Pakistan on Saturday said it denied India’s Prime Minister Narendra Modi permission to fly through its airspace due to “ongoing grave human rights violations” in Indian-administered Kashmir.
The decision came with tensions simmering between the two nuclear-armed archrivals over the disputed Himalayan region.
It is the third time in recent weeks that Islamabad has refused to allow Indian leaders to use its airspace.
Requests by Indian President Ram Nath Kovind and Modi were turned down last month.
“Indian Prime Minister wanted to use our airspace but we denied permission in the perspective of black day being observed by Kashmiris today to condemn Indian occupation and ongoing grave human rights violations in Indian-occupied Kashmir,” foreign minister Shah Mehmood Qureshi said in a statement.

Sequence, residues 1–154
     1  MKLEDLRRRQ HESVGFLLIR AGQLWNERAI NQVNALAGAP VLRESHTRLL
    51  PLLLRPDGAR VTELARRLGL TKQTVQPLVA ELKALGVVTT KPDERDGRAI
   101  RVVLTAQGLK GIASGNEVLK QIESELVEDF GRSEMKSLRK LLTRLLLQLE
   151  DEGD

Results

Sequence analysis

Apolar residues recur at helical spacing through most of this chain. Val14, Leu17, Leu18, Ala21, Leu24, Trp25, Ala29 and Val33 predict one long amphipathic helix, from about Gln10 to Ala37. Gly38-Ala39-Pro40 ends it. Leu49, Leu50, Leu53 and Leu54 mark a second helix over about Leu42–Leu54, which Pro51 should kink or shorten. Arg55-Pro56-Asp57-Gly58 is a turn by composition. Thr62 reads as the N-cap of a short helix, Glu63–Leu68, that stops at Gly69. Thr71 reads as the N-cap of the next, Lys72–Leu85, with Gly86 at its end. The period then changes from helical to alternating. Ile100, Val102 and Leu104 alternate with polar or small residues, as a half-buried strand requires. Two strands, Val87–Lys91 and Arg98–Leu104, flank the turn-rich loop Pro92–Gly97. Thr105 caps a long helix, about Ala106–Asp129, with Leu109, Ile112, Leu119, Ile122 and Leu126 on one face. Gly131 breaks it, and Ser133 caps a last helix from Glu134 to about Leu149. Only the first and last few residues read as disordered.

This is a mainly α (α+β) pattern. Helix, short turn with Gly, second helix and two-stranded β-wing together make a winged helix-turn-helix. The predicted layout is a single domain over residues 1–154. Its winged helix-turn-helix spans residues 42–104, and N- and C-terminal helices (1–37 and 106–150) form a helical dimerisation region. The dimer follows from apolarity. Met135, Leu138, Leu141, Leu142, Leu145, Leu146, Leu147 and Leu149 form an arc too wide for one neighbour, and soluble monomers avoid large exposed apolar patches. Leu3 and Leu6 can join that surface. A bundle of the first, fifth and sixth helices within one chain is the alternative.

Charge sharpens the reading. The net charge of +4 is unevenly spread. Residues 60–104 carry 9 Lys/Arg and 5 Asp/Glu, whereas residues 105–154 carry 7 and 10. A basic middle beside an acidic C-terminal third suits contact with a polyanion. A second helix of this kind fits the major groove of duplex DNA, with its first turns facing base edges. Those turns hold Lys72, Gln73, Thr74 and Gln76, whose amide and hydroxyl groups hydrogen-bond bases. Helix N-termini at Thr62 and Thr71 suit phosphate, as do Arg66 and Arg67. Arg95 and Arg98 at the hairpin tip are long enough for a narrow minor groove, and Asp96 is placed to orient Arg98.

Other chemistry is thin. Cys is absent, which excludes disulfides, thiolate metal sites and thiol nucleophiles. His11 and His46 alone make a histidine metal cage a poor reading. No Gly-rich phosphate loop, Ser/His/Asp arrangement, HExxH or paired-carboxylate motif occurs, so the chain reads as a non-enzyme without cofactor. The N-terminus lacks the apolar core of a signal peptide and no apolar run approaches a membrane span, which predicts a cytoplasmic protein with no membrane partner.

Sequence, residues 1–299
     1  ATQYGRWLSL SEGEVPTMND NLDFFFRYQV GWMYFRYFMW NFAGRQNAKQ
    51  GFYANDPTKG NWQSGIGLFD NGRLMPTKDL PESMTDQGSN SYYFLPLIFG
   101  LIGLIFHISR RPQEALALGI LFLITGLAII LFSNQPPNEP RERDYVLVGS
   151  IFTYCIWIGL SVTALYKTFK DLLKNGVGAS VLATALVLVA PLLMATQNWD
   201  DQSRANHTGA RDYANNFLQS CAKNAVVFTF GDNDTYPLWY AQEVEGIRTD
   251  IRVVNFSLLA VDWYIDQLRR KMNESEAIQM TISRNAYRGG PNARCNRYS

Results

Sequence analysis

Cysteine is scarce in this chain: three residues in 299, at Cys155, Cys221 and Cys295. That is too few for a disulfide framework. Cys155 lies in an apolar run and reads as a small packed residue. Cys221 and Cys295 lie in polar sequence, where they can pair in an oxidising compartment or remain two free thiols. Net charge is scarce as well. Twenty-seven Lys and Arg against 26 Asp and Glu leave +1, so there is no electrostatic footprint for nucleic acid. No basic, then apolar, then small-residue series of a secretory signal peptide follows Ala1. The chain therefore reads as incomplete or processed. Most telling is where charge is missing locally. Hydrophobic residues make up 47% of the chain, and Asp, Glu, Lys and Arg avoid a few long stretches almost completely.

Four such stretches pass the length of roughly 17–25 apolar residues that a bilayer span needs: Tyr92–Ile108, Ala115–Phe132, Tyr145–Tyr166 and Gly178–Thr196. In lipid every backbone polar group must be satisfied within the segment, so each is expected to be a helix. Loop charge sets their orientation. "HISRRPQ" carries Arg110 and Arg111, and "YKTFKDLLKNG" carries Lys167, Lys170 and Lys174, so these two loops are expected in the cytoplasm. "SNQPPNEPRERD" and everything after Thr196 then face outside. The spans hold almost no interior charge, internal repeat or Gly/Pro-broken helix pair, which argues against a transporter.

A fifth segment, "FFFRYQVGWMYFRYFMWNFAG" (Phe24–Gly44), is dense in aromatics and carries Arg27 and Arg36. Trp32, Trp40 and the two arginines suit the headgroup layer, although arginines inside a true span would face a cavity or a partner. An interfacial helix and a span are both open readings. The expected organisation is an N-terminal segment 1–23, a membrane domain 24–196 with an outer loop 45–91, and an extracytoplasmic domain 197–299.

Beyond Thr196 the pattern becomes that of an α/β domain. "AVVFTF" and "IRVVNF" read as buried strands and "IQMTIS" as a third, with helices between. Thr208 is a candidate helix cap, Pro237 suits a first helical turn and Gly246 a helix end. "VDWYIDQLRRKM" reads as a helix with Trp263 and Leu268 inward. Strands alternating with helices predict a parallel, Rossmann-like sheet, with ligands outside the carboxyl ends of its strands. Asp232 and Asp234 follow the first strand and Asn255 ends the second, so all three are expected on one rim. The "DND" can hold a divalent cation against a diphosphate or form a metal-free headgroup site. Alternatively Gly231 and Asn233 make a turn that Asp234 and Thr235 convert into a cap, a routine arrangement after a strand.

He said the Indian high commissioner (ambassador) was being informed about the decision.
Qureshi did not disclose Modi’s destination but a senior Pakistani official told AFP the Indian prime minister had sought permission to use Pakistan’s airspace to travel to Saudi Arabia, where he is due to attend an investment summit.
Pakistan had closed its airspace to Indian traffic in February after a suicide bomb attack that killed dozens of Indian troops in Kashmir, ratcheted up tensions between the two neighbors and prompted aerial dogfights.
It reopened its skies for all civilian traffic in July, ending months of restrictions that had affected major international routes.
An armed rebellion against New Delhi’s rule has raged in the Indian-administered portion of the territory since 1989, claiming more than 70,000 lives -- mostly civilians.